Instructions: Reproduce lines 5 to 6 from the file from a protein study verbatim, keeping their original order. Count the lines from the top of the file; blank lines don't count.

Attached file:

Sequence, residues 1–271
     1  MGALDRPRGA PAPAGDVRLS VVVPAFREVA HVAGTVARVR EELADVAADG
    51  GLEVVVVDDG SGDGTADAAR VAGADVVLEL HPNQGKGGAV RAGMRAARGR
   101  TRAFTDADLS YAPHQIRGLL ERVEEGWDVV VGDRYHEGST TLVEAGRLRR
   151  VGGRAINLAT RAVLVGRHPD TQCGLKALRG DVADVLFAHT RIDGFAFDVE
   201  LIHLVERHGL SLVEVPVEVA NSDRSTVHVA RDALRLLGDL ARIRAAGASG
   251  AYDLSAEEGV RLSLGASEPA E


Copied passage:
   151  VGGRAINLAT RAVLVGRHPD TQCGLKALRG DVADVLFAHT RIDGFAFDVE
   201  LIHLVERHGL SLVEVPVEVA NSDRSTVHVA RDALRLLGDL ARIRAAGASG